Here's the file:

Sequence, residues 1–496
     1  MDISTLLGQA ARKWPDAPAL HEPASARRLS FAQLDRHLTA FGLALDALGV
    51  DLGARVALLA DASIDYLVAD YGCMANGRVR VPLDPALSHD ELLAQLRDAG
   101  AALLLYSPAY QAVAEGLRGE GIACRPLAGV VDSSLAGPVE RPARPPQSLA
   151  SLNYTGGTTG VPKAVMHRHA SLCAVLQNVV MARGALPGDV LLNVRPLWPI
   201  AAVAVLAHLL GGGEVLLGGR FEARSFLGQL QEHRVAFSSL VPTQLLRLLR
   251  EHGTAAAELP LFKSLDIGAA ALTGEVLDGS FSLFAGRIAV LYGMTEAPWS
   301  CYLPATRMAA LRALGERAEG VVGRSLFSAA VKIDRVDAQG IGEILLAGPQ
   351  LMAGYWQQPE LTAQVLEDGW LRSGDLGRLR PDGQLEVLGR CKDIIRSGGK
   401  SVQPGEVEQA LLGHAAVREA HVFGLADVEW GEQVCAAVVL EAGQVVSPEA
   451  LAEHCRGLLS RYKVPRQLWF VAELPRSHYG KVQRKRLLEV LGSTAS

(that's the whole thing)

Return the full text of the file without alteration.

Sequence, residues 1–496
     1  MDISTLLGQA ARKWPDAPAL HEPASARRLS FAQLDRHLTA FGLALDALGV
    51  DLGARVALLA DASIDYLVAD YGCMANGRVR VPLDPALSHD ELLAQLRDAG
   101  AALLLYSPAY QAVAEGLRGE GIACRPLAGV VDSSLAGPVE RPARPPQSLA
   151  SLNYTGGTTG VPKAVMHRHA SLCAVLQNVV MARGALPGDV LLNVRPLWPI
   201  AAVAVLAHLL GGGEVLLGGR FEARSFLGQL QEHRVAFSSL VPTQLLRLLR
   251  EHGTAAAELP LFKSLDIGAA ALTGEVLDGS FSLFAGRIAV LYGMTEAPWS
   301  CYLPATRMAA LRALGERAEG VVGRSLFSAA VKIDRVDAQG IGEILLAGPQ
   351  LMAGYWQQPE LTAQVLEDGW LRSGDLGRLR PDGQLEVLGR CKDIIRSGGK
   401  SVQPGEVEQA LLGHAAVREA HVFGLADVEW GEQVCAAVVL EAGQVVSPEA
   451  LAEHCRGLLS RYKVPRQLWF VAELPRSHYG KVQRKRLLEV LGSTAS